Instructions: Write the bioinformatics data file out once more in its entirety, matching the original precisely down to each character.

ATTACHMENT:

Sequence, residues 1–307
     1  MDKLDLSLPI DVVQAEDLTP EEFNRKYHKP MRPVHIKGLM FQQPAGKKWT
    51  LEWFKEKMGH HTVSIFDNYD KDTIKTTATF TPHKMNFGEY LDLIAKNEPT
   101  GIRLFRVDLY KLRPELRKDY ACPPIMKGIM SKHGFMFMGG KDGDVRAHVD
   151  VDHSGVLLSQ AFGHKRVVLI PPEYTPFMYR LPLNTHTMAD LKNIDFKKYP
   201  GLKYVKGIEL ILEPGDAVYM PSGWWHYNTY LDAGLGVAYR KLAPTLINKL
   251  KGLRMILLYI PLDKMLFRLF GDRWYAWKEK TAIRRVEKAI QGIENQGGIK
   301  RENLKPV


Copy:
Sequence, residues 1–307
     1  MDKLDLSLPI DVVQAEDLTP EEFNRKYHKP MRPVHIKGLM FQQPAGKKWT
    51  LEWFKEKMGH HTVSIFDNYD KDTIKTTATF TPHKMNFGEY LDLIAKNEPT
   101  GIRLFRVDLY KLRPELRKDY ACPPIMKGIM SKHGFMFMGG KDGDVRAHVD
   151  VDHSGVLLSQ AFGHKRVVLI PPEYTPFMYR LPLNTHTMAD LKNIDFKKYP
   201  GLKYVKGIEL ILEPGDAVYM PSGWWHYNTY LDAGLGVAYR KLAPTLINKL
   251  KGLRMILLYI PLDKMLFRLF GDRWYAWKEK TAIRRVEKAI QGIENQGGIK
   301  RENLKPV